Believing what I preach

Let’s talk about “getting stuck in your head.” We all refer to this phrase when we are having a blip in our mental well being. To me, it literally feels as though you are trapped in an internal prison of negativity and self loathing. You are screaming for help but the sounds just don’t come out. You are silenced by your own demons because you don’t feel worthy enough of care. You feel you are taking up too much time, space and attention so the most plausible thing to do is suffer in silence. These feelings are all very real and very overwhelming.

Carrying on as if everything is okay in the hope that it will eventually pass, in my experience, just close down those thoughts to inevitably explode at a later date, and at an even bigger cost. Sure, difficult feelings and emotions are temporary but that doesn’t make them any easier to manage, nor does it make them less valid. They are valid! It doesn’t matter if you experience severe emotional desperation for 5 minutes or 5 weeks. You are always worthy of a listening ear or a shoulder to cry on. This is because these feelings are real and often quite scary. Don’t let anyone tell you to “get over it” or “not to worry because they’ll pass.”

I’m saying all this like it’s easy to manage these ups and downs and open up to a loved one. In actual fact, I am going through utter turmoil. I have been out of intensive treatment for my eating disorder for 3 weeks and I now attend therapy only once a week. I’ve been so busy and “carrying on as if everything is okay” that I have been bottling up my emotions and, you guessed it, I’ve exploded. I feel so unworthy, inadequate and alone. I have no idea how to deal with my emotions and I haven’t felt this level of panic since February. Before, I would use eating disorder behaviours to cope with these difficult sensations so it isn’t helpful when my loved ones ask “but you’ve got through it once before, how did you cope last time?” Last time I would skip meals and go on mammoth runs (which I don’t do anymore), not to mention the fact that I had a whole team of staff supporting my every move throughout treatment. Other than my therapy session once a week, I’m alone. I’m in the big wide world to manage my emotions in a non disordered way. Similar to driving a car alone after passing your test; the learning really starts here.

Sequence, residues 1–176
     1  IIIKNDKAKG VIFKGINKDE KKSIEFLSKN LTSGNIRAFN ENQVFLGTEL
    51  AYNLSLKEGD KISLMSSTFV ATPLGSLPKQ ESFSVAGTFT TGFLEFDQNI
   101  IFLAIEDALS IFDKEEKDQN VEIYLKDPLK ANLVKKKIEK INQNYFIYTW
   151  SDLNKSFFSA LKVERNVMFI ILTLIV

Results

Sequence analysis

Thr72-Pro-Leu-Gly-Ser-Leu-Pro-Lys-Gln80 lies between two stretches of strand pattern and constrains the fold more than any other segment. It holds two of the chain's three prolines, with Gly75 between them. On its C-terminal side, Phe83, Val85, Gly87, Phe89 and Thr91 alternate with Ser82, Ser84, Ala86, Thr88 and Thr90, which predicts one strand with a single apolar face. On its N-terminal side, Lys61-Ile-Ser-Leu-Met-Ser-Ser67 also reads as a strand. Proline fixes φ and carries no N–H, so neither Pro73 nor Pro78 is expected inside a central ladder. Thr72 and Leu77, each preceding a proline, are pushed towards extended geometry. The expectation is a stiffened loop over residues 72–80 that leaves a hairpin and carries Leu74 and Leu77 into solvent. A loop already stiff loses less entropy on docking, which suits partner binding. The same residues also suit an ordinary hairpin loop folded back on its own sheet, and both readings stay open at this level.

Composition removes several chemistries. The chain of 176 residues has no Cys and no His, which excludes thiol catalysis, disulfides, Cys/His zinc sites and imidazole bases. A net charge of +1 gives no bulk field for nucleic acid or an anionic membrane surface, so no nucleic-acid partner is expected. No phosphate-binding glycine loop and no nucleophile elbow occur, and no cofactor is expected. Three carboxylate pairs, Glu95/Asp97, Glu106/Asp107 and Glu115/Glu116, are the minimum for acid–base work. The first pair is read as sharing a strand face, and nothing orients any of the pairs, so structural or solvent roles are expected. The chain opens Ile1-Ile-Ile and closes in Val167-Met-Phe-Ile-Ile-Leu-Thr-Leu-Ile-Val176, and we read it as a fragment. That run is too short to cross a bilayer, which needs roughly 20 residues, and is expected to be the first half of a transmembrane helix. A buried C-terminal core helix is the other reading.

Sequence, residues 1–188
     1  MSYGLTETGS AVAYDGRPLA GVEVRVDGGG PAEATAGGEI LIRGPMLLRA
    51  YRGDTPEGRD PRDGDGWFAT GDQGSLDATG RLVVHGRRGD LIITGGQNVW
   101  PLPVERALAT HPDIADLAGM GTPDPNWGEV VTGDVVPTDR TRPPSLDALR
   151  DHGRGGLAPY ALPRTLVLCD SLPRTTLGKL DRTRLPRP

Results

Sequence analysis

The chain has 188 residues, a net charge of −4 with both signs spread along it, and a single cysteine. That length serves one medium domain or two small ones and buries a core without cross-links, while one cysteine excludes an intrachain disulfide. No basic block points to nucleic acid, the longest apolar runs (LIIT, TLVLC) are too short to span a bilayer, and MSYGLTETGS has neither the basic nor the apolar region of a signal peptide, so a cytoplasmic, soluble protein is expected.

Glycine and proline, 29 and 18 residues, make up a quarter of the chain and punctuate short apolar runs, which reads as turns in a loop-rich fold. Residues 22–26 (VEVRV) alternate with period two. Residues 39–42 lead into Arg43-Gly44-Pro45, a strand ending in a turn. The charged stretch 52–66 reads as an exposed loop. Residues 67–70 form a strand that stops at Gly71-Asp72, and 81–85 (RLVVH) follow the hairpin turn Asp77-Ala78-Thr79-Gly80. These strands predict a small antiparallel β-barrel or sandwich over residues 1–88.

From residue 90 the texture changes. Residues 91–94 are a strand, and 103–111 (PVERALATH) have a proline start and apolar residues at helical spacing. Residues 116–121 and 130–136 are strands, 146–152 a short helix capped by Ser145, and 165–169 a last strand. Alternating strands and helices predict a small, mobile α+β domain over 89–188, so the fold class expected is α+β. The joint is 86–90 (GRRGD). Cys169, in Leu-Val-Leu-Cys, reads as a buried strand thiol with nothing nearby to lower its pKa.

I often feel like a fake for preaching about mental health and how to deal with emotions in a healthy, non destructive way when I too struggle. If only life was that simple to apply what you know and believe in practice. I’ve read all the self help books and could probably recite perfectly what they all say as well as what my therapist has told me time and time again. ‘Doing’ it is a different ball game. Also, we are all human and no one is perfect.

Recovery is a process; we are constantly learning, reflecting and practising how to deal with our mental health. Think about our physical health: our bodies are not the same over an entire lifetime. Things happen, we grow old and life can be unexpected. We are constantly taking knocks and choosing the most appropriate form of treatment to better our recovery. We don’t wear the same sized jeans forever so why would we express the same outlooks and mantras to deal with our mental growth. There is constantly an essence of reassessing our needs in correlation to the process of life.

What I am saying is, recovery is not a straight road. We fall, we go backwards and we change direction but overall we are going forward. It is healthy to take steps back or lose motivation otherwise, where is the opportunity for us to learn and grow stronger? Although I preach about mental well being and don’t always apply it to myself (who takes on their own advice ALL the time???), I understand that above all I am heading in the right direction. Some days you need to pause and take the slow lane. 

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